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Speculation about Sir David Varney, former Managing Director of Shell UK Limited

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How tax credits hit the rocks

By Sue Cameron

Published: July 30 2008 03:00 | Last updated: July 30 2008 03:00

With Labour all at sea and rumours of mutiny clouding round Captain Gordon Brown, is his old flagship, HMS Tax Credits, heading for the breaker’s yard? Word is that many in Whitehall now believe that this once-vaunted policy is unseaworthy – so much so that insiders expect it to be scuttled by the next government. (Meaning the Tories? “Possibly,” says one senior figure. “Or possibly by a Labour prime minister who is not Gordon Brown.”) Snippets emerging from insiders suggest tax credits were doomed to disaster from their launch five years ago.

They were the brainchild of Mr Brown when he was chancellor. He wanted to end the stigma associated with benefits and bring everyone into the tax system under his ever more powerful Treasury. Tax credits started just before the Inland Revenue was merged with Customs. Who looked after the merger? As former top official Sir Richard Mottram pointed out to MPs this month, the man responsible was Sir Gus O’Donnell, then top official at the Treasury and now cabinet secretary. I am told Sir Gus sounded out various private sector men about his merger plans. One said they would not work, others said they might – but they did not want to be quoted officially. Sir David Varney, who had worked for Shell and for O 2 , commended Sir Gus’s report – and became the first chairman of the new Revenue & Customs.

The trouble was that the tax credits scheme meant HMRC also had to absorb a great chunk of benefits payments from the Department of Work and Pensions. I am told that senior people at DWP (Sir Richard was the top official there then) offered to advise but were turned down.

With no experience of dealing with the poor, at the end of the year HMRC started demanding money back from vulnerable families who had been overpaid in tax credits. Often people had no way of paying and found it next to impossible to appeal. Unlike DWP, which does not try to reclaim money when it has been at fault, the HMRC is reluctant to admit to official mistakes. By March this year HMRC was looking to claw back £2.8bn from claimants but £1.8bn of that is “in doubt”, meaning it will probably have to be written off. No wonder the National Audit Office has just “qualified” HMRC’s accounts for the sixth year running because of error and fraud in tax credits.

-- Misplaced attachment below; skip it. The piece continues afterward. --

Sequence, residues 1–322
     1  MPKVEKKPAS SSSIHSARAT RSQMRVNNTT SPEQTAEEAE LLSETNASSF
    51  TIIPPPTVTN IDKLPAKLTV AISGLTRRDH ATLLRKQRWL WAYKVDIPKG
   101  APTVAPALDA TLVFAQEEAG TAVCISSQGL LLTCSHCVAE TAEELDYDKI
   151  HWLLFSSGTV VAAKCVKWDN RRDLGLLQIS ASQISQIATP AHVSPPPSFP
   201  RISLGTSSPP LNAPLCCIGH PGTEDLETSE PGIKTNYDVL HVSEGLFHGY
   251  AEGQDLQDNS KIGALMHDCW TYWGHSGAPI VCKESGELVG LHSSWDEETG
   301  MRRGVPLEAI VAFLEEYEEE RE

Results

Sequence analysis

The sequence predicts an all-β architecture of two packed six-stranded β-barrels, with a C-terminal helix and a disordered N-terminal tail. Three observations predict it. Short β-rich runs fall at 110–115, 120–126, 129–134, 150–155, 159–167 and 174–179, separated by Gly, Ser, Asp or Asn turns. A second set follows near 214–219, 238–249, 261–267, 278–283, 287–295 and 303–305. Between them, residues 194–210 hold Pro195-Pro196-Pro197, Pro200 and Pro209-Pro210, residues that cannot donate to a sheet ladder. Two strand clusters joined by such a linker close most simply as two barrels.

As Sir Richard told the MPs, the merging of HMRC was a “massive task of organisation and culture . . . and it was being done in parallel with implementing, in the case of tax credits, something that was of, well, doubtful implementability”.

To add to the chaos, Sir David agreed a deal with the Treasury involving rigid plans for cutting 24,000 HMRC jobs – more than a quarter. (I am told one private sector adviser said this was not so much a strategic plan as a set of assertions.) Sir David then left with part of his contract still to run. (Was he hoping to go to the Lords? Was he expecting another job offer? Speculation continues.)

Meanwhile I learn that plans to transfer yet more benefit claimants from DWP on to HMRC’s tax credits have been shelved (for good, according to insiders). The real victims of this gargantuan Whitehall mess are millions of hard-up families.

Now a feisty pressure group called Tax Credit Casualties, representing more than 1,000 families, is demanding an amnesty on all HMRC overpayments. Any precedent for such a thing? Just as tax credits were being launched here, Australia declared an amnesty on the overpayment of welfare benefits. Why? Anger at bullying, incompetent authorities – and an election coming up. Just like here.

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